Martha C. Nussbaum
pubblicato da Princeton University Press
Should laws about sex and pornography be based on social conventions about what is disgusting? Should felons be required to display bumper stickers or wear T-shirts that announce their crimes? This powerful and elegantly written book, by one of America's most influential philosophers, presents a critique of the role that shame and disgust play in our individual and social lives and, in particular, in the law. Martha Nussbaum argues that we should be wary of these emotions because they are associated in troubling ways with a desire to hide from our humanity, embodying an unrealistic and sometimes pathological wish to be invulnerable. Nussbaum argues that the thought-content of disgust embodies magical ideas of contamination, and impossible aspirations to purity that are just not in line with human life as we know it. She argues that disgust should never be the basis for criminalizing an act, or play either the aggravating or the mitigating role in criminal law it currently does. She writes that we should be similarly suspicious of what she calls primitive shame, a shame at the very fact of human imperfection, and she is harshly critical of the role that such shame plays in certain punishments. Drawing on an extraordinarily rich variety of philosophical, psychological, and historical references--from Aristotle and Freud to Nazi ideas about purity--and on legal examples as diverse as the trials of Oscar Wilde and the Martha Stewart insider trading case, this is a major work of legal and moral philosophy.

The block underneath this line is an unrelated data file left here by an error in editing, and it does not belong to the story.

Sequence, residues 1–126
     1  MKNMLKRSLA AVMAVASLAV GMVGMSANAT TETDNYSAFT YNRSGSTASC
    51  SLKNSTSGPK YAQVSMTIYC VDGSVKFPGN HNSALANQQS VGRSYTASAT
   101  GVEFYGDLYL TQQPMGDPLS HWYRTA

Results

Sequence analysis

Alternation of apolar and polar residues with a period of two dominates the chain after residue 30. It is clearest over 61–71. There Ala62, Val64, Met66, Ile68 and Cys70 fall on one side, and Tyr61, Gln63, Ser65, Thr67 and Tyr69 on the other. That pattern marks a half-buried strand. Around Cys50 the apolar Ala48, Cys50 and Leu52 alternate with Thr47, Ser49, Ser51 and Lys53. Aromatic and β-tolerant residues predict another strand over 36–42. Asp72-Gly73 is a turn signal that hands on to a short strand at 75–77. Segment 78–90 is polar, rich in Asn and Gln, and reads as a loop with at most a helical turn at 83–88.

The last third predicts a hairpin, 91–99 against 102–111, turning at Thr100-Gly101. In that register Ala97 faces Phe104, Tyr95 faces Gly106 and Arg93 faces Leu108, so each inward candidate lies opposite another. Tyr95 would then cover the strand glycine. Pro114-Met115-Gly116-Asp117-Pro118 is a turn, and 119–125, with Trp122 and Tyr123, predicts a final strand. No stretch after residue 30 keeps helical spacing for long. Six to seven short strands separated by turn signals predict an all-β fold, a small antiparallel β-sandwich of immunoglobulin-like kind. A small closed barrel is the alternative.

Winner of the 2004 Award for Best Professional/Scholarly Book in Law, Association of American Publishers [A] lucid and carefully argued new book. --Brigitte Frase, Ruminator Review A remarkably wide ranging and nuanced treatise on the interplay between emotions and law... A short book review cannot do justice to Nussbaum's exceptionally thorough evaluation of shame, disgust and the law. --Stefanie A. Lindquist, Law and Politics Book Review Disgust and shame are problematic emotions that often appear to want to repudiate our basic, body-based humanity, Martha Nussbaum claims in this ambitious and timely book... Nussbaum is by no means in favor of purging the law of all reference to emotion: she in fact makes an eloquent case for why this cannot and should not be done... But there are some emotions--Nussbaum mentions jealousy as well as shame and disgust--that appear to offer an unreliable guide to human behavior, to risk calling up mere prejudice and social stigma instead of valid distinctions. --Peter Brooks, Green Bag Nussbaum is America's most prominent philosopher of public life, and a new book by her is always a force to be reckoned with. The argument of Hiding from Humanity, characteristically lucid, is carried on at two levels. First, she wants to put disgust on trial... At a deeper level, however, Nussbaum's argument is not simply about the law, but about a whole conception of human society and what it means to be human. --John Wilson, The Boston Globe What part should disgust pay in determining which acts society punishes, and how severely? And to what extent, if at all, should disgust's cousin, shame, be harnessed to play a role in punishment? As a liberal, Nussbaum comes to a liberal answer. But this does no credit to the painstakingly fair way in which she sets out and explores the arguments in both directions, and any reader who approaches her book with views firmly set is likely to leave it with solid certainties somewhat shake... She traverses some difficult territory, from necrophilia and bestiality to Martha Stewart, to reach as close to a civilized conclusion as the subject may admit. --David Honigmann, Financial Times This study, written in an engaging style that reflects Nussbaum's concern to make philosophy accessible, contains a keen and erudite examination of the emotions of disgust and shame... Getting to the root of what causes us disgust, shame and righteous anger forces us to clarify what we value. This is the task to which Nussbaum's study should inspire us. --Christian Century Writing in an academically sophisticated but accessible style, Nussbaum is equally at home discussing Aristotle and Freud, Whitman's poetry and Supreme Court case law. The result is an exceptionally smart, stimulating and intellectually rigorous analysis that adds an illuminating psychological dimension to our understanding of law and public policy. --Publishers Weekly [A] sophisticated exploration of how emotions enlarge or contract the nation's commitment to equal dignity for all... Populists and communitarians will lock horns with legal theorists in the debates this book will provoke. --Booklist Nussbaum's work is rich and readable. To construct her argument she uses thick case studies and extensive research from a wide variety of literary, experimental, and sociological sources. She gives a fair hearing and fair treatment not only to her own liberal position and its accompanying conclusions but to those whose conclusions mark out strong disagreement with her. --Dolores L. Christie, Magill's Literary Annual 2005 Hiding from Humanity is a noteworthy addition to recent scholarship on emotions and a valuable counterweight to the growing--and at times unexamined--endorsement of disgust and shame. --Justin Reinheimer, Law, Culture, and the Humanities